In The Water Diviner, the first fiction feature directed by Russell Crowe, an Australian farmer travels to Turkey in the years following World War I, looking to find out what happened to his three sons at the Battle Of Gallipoli. It’s pure chintz: coral Australian skies, stucco rooms navigated by aimless loops of Steadicam, swells of strings and piano. Crowe is doggedly sincere, both in his sentimentality and his machismo; his hero is a father, a fighter, a man of the soil who befriends Turks and teaches them cricket. His movie is a male weepie, slickly lit, but clearly the work of an amateur. Its emotional thrust—the search—is made limp by indiscriminate direction and the kind of quantity-over-quality mindset that invites tacked-on romances and dream sequences that play like dream-sequence parodies.

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After his wife commits suicide, Joshua Connor (Crowe) leaves his Australian homestead and heads out for Istanbul, settling into a small hotel with a conveniently comely proprietor (Olga Kurylenko), and starts trying to recover the bodies of his boys, declared missing in action four years earlier, so they can be brought home for burial. Meanwhile, across the Marmara Sea, an Australian officer (Jai Courtney) combs the Gallipoli peninsula for the remains of the war dead, assisted by Turkish military attaché Major Hasan (Yılmaz Erdoğan of Once Upon A Time In Anatolia). Eventually, their paths will cross, leading to the sturdiest section of the film, which comes at the midpoint and lasts maybe 20 minutes: a simple conflict of wills and priorities that plays out in a landscape of tents and bones. It’s as though the movie, meandered by touristy sightseeing and disrupted by lengthy flashbacks, suddenly finds its focus, only to lose it again in a slush of creamed corn.

The Water Diviner seems bent on giving its protagonist every experience under the sun: grief over having to bury his wife and children, an unlikely friendship with a commander from the opposing side, a bond with a boy growing up without a father, a late-in-life romance, a chance to show up cartoonishly snooty Brits, and to have a Young Indiana Jones Chronicles-style adventure in the company of Turkish nationalists. (The movie’s U.S. release on the 100th anniversary of the Armenian Genocide is mistimed, to put it mildly.) Connor has a gift for digging wells and dreams of whirling dervishes that lead him to believe that one of his sons survived Gallipoli—a mystical theme for which the movie never finds a use. There are references to magic carpets and Arabian Nights, and passages of visual exotica, the camera always tilting up as it passes under a mosaic ceiling or a stained glass dome. Crowe knows good acting, but he over-elaborates; here, every character gets a monologue and every subtlety is canceled out by an extra close-up or a burst of stuttering, step-printing-style slow motion.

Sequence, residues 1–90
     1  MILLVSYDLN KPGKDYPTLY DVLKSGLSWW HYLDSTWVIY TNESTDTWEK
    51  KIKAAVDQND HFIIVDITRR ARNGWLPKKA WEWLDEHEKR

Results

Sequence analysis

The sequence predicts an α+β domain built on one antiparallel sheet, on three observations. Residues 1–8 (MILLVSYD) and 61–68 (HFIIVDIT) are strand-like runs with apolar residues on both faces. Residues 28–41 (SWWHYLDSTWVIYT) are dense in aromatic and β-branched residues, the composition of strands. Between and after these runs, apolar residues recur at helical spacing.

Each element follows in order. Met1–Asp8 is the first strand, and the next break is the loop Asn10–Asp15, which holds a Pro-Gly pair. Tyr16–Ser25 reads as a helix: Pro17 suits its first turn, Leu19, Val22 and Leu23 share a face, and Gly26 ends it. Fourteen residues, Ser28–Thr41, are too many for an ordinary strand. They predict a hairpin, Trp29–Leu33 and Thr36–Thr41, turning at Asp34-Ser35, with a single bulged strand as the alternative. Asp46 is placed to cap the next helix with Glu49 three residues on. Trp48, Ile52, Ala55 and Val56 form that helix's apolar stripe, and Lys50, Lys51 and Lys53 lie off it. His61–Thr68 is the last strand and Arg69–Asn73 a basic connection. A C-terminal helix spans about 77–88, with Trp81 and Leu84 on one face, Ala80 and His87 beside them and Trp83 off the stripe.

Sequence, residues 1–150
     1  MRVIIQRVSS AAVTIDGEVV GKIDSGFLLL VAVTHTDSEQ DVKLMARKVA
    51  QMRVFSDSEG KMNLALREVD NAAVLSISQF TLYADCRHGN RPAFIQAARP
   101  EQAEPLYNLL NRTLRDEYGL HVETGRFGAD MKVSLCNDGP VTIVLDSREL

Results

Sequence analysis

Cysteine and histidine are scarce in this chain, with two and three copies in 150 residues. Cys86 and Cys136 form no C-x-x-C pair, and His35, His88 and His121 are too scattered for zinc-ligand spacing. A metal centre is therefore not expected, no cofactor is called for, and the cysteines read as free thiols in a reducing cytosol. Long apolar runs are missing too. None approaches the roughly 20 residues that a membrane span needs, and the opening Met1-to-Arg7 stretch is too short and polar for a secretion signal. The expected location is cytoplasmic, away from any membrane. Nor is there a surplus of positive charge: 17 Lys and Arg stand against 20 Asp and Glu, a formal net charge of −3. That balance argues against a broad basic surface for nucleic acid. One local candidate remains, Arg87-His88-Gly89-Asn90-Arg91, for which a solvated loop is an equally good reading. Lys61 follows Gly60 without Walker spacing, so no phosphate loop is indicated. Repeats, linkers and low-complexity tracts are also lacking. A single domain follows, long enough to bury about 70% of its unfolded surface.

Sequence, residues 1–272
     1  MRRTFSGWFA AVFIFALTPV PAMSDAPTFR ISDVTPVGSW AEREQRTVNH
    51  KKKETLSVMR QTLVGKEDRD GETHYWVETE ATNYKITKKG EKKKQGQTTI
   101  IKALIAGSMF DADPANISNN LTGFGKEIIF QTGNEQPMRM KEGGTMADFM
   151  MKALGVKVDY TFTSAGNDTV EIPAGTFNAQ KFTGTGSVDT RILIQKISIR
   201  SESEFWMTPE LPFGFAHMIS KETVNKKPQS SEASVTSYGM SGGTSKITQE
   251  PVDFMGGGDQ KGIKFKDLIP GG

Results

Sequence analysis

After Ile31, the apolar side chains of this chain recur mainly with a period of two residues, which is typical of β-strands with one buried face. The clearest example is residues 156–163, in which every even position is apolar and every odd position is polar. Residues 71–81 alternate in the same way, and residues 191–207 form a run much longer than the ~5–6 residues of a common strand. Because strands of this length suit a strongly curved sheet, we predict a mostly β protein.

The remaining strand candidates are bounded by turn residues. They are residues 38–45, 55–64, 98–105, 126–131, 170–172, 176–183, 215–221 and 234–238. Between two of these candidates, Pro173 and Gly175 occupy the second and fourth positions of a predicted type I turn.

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Working with Andrew Lesnie, Peter Jackson’s cinematographer, in a variety of filtered color schemes that never gel with one another, Crowe suggests a filmmaker with more tools than craft. Despite a professional sheen, The Water Diviner feels crudely knocked together, with digital effects (often very bad) that seem to wobble across the screen. And yet, sometimes, however rarely, the movie manages to tap into the stuff of true high melodrama, as in a shot of a woman crying, her face tattooed by the shadow of a lace curtain. There is a real movie here somewhere, lost in all the fumbling attempts at movie-ness.